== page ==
• Event driven automation really does exist as a space that is complementary to the mega clustering compute oriented frameworks that are emerging such as Kubernetes and Mesos. Admittedly, the amount of churn and disruption in IT can cloud the picture somewhat. However, it becomes much more clear once you dig in and see users like Michael Ward at Pearson extending and integrating Kubernetes into an environment such as Pearson (see him on Happy Hour #11 here: . I’m sure that the Event Driven Automation meet-up I helped spin up with a friend Brian Sherwin from LinkedIn will continue and will thrive.
  • ChatOps for operations remains immature — and yet is being rapidly adopted. The lack of security of ChatOps and the relative cluelessness of the chat vendors about how to tie into operational environments in a way that actually makes sense to operate are two key inhibitors. StackStorm nails the second inhibitor in my very biased opinion however it seems the chat providers see direct integration to their layer as strategic and are not super happy about an intermediary. Regarding security that’s a larger issue that will need tight RBAC integration into ChatOps which itself — typically — requires good relations with the chat vendors.

Since we are “selling out” — does that mean we think the bubble is collapsing?

  • This is just one experienced person’s opinion however I don’t think we are in for a repeat of the dot com collapse. And that could be the subject of an entire blog post as I’ve survived both. I do think that funding is already slowing down massively due to investors focusing more on their existing portfolio then on the next deal; investors becoming concerned about the funding environment is a classic case of a self-fullfilling prophecy.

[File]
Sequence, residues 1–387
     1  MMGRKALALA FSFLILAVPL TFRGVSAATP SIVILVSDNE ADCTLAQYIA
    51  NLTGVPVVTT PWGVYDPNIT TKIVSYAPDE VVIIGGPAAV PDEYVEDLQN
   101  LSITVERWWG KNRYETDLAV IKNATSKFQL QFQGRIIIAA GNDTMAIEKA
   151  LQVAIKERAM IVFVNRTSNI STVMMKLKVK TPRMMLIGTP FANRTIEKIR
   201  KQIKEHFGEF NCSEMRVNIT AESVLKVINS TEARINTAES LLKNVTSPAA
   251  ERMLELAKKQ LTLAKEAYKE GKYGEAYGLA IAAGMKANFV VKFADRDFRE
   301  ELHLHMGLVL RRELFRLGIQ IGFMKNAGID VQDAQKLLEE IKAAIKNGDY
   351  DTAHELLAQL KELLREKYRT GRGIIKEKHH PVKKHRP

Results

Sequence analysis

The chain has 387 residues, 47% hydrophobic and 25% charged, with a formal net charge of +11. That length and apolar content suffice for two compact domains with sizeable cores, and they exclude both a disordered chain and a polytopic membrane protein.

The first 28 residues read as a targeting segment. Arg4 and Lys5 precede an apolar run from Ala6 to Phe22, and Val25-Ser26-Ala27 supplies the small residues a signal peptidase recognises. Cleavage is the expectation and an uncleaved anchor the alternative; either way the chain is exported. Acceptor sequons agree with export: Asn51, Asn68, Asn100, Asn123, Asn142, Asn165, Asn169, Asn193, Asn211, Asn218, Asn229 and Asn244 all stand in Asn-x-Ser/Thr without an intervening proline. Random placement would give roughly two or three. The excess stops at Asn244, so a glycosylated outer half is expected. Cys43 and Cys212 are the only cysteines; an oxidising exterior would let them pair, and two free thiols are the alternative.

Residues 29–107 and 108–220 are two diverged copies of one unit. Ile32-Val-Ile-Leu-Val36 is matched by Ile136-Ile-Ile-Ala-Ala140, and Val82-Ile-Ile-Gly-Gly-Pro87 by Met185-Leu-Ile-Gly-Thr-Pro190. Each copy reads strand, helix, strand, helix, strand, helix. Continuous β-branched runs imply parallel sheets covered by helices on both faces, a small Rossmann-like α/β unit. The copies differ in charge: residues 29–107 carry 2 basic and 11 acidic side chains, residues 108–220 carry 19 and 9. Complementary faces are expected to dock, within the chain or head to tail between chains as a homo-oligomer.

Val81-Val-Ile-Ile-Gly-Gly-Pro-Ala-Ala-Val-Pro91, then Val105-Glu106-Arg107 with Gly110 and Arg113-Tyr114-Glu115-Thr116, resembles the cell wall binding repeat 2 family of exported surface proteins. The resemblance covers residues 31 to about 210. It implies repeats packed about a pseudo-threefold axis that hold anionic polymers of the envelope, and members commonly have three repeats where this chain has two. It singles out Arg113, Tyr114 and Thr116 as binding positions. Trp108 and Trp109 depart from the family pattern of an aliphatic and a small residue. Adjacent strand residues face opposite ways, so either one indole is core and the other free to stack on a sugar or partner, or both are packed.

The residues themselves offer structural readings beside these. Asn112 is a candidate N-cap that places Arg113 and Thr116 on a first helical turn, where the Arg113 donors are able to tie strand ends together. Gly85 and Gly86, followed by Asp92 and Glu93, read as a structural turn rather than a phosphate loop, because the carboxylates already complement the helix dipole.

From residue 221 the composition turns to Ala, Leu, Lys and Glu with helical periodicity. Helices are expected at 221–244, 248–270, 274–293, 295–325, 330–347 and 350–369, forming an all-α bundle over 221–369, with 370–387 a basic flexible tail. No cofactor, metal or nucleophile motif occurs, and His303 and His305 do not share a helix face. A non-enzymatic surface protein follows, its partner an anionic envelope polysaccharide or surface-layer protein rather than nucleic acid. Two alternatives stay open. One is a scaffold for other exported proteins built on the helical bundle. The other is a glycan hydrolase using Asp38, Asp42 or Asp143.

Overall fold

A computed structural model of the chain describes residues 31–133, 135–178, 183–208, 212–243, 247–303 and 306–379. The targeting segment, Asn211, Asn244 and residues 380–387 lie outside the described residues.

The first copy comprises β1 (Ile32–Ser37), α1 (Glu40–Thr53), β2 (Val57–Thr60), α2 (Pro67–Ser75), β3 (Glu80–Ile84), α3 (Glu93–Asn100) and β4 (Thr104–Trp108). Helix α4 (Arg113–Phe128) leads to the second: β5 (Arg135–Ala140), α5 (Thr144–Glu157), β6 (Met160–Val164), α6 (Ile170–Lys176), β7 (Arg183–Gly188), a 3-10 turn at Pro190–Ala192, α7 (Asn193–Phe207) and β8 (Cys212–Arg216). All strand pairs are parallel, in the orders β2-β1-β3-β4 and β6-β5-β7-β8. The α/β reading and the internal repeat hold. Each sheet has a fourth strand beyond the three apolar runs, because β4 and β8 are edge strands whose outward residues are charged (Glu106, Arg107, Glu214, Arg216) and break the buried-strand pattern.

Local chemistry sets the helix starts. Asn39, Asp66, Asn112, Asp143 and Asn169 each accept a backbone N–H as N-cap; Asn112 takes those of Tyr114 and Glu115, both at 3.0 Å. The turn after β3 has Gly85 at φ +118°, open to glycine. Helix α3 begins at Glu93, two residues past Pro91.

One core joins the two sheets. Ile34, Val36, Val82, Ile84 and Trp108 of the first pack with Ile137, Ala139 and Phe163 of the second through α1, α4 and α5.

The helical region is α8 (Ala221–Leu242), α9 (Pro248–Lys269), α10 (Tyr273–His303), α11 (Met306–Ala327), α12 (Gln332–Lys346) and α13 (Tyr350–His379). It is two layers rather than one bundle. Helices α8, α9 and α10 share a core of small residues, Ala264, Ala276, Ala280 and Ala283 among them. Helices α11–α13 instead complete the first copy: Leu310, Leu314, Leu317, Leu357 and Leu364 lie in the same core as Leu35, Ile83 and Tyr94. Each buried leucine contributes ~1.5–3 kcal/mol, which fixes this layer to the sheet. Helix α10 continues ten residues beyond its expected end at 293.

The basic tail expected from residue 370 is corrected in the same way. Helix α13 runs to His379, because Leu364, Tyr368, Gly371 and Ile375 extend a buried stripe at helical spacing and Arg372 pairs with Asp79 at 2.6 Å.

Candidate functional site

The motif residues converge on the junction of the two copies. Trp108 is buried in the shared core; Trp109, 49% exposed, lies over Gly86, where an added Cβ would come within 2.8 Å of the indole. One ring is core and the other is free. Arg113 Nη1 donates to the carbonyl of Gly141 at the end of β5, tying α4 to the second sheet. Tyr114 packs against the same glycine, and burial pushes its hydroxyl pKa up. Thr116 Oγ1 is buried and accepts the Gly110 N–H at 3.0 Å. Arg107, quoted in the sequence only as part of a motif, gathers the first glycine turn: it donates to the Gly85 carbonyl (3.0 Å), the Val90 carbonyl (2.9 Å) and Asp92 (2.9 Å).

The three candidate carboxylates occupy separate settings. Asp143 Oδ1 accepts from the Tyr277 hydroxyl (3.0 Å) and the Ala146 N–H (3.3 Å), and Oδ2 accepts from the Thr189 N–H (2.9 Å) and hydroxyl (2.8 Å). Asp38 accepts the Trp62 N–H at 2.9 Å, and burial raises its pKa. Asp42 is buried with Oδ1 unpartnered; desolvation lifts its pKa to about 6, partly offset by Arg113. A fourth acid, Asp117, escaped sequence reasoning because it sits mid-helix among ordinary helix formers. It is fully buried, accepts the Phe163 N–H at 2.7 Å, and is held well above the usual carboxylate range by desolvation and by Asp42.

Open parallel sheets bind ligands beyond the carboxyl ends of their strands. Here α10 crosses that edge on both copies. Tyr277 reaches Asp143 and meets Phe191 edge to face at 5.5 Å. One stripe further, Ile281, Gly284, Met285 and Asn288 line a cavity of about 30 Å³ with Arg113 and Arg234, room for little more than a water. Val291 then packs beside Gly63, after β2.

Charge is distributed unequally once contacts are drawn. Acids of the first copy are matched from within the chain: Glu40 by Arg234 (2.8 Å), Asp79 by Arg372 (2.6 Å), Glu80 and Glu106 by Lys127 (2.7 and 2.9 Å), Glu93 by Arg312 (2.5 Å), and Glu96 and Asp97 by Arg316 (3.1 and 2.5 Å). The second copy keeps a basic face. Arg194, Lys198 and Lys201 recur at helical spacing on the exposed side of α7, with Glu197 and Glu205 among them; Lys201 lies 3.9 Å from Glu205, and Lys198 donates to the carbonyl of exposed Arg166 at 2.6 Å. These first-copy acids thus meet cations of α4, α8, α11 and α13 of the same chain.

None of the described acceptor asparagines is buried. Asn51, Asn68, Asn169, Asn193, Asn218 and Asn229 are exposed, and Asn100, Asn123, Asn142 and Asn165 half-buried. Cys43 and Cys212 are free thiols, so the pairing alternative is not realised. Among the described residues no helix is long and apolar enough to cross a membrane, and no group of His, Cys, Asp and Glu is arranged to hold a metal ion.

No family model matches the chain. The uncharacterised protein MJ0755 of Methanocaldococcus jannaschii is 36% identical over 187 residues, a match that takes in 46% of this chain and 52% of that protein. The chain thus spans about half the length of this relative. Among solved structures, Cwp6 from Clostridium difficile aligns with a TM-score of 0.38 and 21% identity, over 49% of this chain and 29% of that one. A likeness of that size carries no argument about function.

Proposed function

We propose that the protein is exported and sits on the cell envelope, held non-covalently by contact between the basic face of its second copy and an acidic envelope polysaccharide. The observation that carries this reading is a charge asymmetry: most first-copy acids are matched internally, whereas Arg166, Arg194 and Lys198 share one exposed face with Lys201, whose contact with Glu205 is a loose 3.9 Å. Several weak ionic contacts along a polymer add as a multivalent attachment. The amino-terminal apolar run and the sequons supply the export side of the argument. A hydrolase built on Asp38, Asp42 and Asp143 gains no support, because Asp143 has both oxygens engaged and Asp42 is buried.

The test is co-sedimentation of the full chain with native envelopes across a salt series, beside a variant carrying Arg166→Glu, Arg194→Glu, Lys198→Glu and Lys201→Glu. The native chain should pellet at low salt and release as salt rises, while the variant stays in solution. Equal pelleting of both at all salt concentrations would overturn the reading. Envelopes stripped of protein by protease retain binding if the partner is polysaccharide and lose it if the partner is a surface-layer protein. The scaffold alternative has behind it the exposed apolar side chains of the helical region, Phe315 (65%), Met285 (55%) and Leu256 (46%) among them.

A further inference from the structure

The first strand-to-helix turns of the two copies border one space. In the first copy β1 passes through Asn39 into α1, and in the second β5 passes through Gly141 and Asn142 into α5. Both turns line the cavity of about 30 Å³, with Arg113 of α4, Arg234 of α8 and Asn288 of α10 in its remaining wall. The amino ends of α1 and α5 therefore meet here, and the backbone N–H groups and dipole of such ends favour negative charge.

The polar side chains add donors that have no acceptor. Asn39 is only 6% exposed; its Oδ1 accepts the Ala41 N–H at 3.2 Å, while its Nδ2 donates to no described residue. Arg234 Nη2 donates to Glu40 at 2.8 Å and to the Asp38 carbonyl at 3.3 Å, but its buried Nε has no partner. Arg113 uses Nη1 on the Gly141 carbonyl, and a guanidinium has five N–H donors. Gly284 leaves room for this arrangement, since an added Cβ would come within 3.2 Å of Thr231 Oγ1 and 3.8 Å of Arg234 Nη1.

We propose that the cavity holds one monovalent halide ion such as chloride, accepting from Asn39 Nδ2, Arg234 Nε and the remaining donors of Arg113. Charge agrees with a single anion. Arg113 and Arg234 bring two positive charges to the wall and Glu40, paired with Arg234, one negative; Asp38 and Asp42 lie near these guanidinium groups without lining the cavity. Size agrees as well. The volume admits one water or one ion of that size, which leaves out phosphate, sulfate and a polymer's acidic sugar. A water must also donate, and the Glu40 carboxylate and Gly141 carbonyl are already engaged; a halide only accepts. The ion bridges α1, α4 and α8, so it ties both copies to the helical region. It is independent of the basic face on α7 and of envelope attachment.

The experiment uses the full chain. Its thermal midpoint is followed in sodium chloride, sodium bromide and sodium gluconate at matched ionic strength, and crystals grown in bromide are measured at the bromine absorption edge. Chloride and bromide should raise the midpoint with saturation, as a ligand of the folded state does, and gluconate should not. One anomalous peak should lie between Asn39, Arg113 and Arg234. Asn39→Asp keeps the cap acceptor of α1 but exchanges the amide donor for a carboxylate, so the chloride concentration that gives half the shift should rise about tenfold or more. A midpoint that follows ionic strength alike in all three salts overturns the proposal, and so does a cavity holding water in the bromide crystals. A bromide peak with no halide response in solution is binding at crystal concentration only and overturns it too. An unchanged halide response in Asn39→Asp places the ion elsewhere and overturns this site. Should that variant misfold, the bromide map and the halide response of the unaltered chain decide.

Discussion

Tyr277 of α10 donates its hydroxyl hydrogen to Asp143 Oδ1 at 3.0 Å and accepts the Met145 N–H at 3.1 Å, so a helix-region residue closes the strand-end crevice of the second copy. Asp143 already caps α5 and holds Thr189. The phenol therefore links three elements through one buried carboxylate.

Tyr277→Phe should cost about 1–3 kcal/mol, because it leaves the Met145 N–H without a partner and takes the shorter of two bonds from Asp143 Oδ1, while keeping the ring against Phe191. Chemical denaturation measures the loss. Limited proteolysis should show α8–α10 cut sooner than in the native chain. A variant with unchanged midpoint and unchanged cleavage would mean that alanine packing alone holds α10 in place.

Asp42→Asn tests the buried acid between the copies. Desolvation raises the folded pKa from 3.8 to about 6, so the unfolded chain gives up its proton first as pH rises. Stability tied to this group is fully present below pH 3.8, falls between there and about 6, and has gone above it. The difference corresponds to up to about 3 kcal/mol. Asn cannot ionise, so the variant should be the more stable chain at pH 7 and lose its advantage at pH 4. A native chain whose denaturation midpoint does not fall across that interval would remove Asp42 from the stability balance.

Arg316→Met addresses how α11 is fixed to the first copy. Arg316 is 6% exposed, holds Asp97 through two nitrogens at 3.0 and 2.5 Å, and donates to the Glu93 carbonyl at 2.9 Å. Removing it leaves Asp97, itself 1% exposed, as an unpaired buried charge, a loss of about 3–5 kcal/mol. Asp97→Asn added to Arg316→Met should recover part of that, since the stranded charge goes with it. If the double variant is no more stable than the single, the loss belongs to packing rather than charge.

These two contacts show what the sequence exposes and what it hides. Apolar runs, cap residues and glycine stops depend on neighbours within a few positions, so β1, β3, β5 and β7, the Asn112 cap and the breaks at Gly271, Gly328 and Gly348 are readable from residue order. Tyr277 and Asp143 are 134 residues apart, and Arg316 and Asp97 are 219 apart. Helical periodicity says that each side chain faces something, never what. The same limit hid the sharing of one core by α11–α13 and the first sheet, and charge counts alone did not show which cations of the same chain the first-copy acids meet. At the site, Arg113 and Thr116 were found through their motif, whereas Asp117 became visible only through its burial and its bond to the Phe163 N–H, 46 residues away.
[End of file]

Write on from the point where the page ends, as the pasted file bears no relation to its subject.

• In our case, we are primarily selling StackStorm because we found a good home that will be investing more in the product and community. For the growing community of users this will add more confidence in the long term prospects for StackStorm. Brocade also has a longer strategic view and will not be placing commercial pressures on the team that otherwise would have inevitably increased with further venture funding.

What about me?

I am taking 90 days off.

It has been 15–16 years of start-ups back to back to back.

Along the way I’ve learned a huge amount about myself. Capturing and thinking about what exactly I’ve learned and how I hope to apply it next — that’s what those 90 days are for. And in the meantime I’ll become more active in my community and more importantly a yet more active Dad and Husband. I’ll place some bets here and there and undoubtedly will continue to meet with early stage entrepreneurs to offer advice and to get a vicarious buzz from their vision and energy as well. Along those lines I’ll be a coach for the Alchemist Accelerator where I’ve already met some amazing entrepreneurs over the last few years.

One thing I’m certain about is that we’re finally getting really good at building the tech people want and need, including the tech they need to build better tech. And that’s exciting and intensely motivating and in many cases disruptive to all manner of business and even to society itself. It’ll be hard to push away from the table for a little bit, but for now I’m full and need to take a walk while I digest.

Stay in touch, and thanks for all the fish.